CARVING PRACTICUM - SELECTING WOOD TYPES


MODEL SHIP CONSTRUCTION - HOME

CARVING HOME

TYPES OF CARVING TOOLS

SELECTING WOOD TYPES

MAKING TRACINGS

DIMENSIONING WOOD AND TRANSFERING THE TRACING TO A BLANK

CUTTING OUT AND HOLDING DOWN YOUR CARVING BLANK

VISULIZATION AND TYPES OF CUTS TO USE

VISUALIZATION AND TYPES OF CUTS TO USE CONT.

FINISHING

USING SOURCES OTHER THAN YOUR MODEL PLANS

 

LINKS TO OTHER CARVING HOW-TO SITES:

CARVING INTRODUCTION

CARVING FAQ

The types of wood that you decide to use in your carving will have to do with the visual objective that you have for the completed model. You may want to end up painting your carvings in their original colors. If this is the case it will be possible to simply find a type of wood that you like carving in and use that one type throughout. If you want to leave your carvings natural and display contrasting colors like I am doing with my Wasa model, then you will have to select several types. If you want to leave your carvings natural and provide no contrast by using one wood type that is an option as well. 

The one main rule, however, when it comes to selecting wood types for  model ship  carvings is the finer grained the better. Generally, the finer grained the wood is, the least likely it is to split when you are adding fine details. You can cut very fine grained woods against the grain or with it with almost equal results. In fact, some very fine grained woods that I will suggest for carving are more like carving in a substance that has no grain such as plastic.

The above picture shows the woods that I have used to make the carvings for my Wasa. They are generally arranged from coarse to fine grain size from left to right. Again, you can also purchase billets in sizes that are close to the size of the carving that you will be making if you do not want to deal with cutting up larger dimension lumber. 

From the left to right: walnut, birch, yew, swiss pear, holly, apple, and dogwood.

Walnut is about the coarsest grained wood that anyone will ever want to use in model ship carvings, in fact, some model ship builders would completely advise against using it. I use it for its dark color, however. Below is a picture of the railing links for my Wasa that I have made in walnut. Click on it to make it larger and show more detail.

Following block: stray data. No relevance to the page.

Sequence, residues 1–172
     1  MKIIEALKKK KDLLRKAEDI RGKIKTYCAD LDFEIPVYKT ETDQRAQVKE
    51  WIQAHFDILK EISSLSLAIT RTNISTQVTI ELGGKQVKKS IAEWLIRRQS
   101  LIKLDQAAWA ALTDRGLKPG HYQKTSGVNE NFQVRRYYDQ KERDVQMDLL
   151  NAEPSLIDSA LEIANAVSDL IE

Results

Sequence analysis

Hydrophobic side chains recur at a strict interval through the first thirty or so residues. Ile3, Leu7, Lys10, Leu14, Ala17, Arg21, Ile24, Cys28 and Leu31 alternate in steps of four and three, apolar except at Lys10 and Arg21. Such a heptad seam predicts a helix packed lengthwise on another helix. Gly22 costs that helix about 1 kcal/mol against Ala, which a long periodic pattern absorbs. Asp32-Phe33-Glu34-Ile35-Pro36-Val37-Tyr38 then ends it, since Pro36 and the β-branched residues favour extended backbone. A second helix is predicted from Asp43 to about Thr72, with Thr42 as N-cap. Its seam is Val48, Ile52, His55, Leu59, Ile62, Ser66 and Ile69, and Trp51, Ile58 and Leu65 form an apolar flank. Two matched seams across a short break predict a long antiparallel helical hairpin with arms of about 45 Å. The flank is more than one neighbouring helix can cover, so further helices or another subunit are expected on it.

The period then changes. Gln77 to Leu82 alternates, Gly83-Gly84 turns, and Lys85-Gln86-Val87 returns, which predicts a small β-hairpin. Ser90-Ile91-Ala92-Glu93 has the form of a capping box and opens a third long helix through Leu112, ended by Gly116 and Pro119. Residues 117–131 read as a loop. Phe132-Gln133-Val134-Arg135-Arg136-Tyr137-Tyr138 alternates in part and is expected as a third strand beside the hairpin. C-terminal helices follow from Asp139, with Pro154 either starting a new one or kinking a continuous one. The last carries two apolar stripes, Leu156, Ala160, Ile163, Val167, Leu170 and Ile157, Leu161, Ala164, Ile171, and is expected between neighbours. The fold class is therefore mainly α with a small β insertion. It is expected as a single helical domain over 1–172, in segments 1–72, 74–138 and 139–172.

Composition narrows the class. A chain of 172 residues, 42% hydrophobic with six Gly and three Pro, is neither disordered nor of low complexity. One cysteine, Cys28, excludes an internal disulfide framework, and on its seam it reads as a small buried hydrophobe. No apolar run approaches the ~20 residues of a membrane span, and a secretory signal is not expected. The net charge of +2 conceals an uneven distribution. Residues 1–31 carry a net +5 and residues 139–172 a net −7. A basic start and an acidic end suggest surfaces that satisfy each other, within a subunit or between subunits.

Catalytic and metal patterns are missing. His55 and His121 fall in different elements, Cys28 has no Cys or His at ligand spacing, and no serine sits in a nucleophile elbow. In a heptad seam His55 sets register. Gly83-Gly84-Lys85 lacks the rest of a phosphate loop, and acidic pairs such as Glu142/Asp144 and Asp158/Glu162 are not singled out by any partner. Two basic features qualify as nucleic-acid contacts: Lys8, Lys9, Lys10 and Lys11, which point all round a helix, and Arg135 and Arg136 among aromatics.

I had some issues with the carvings splitting apart due to the coarse grain. I would simply glue them back together where they split with cyano acrylate. I suggest that if you are a beginning carver, you start out with one of the other finer grained woods that I have listed above or the kinds that I suggest below.

Above is a picture of some example carvings that I have produced for my Wasa model. Click on it to see more detail.  The figurehead lion in the upper left is made in swiss pear, the 20 emporors, gunport wreaths and frize carvings are made in holly, the tritons to the right of those are in dogwood, the carving to the right of that is in apple, and the dolphin carving below it is in walnut. Below the ruler, from left to right, the two dark colored tritons are in walnut, the next are in dogwood, the large warriors are in apple, and the balusters are in yew.

There are kinds of wood that are available and suitable for carving other than what I have used on my Wasa model. These include boxwood, cherry,  jelutong, degame, persimmon, tupelo, and whitebeam.

When using different kinds of woods in your carvings you will need to think objectively about what you are accomplishing by using different kinds. Are the colors of the woods that you are using going to clash with the carvings next to them? Are they going to clash with the color of the woodwork around them? Are you adding too much color as to make your model look like a rainbow? All in all it is up to you, however, you will most likely need to ask these questions when you are in the planning stages of your model so that you do not end up veering away from the visual objective that you have for your model ship.

I suggest that you see the links that I have on my nautical and model ship links page for more suggestions on what kinds of woods to use, their properties and where to buy them if you are at this stage of planning your masterpiece.

 NAUTICAL AND MODEL SHIP LINKS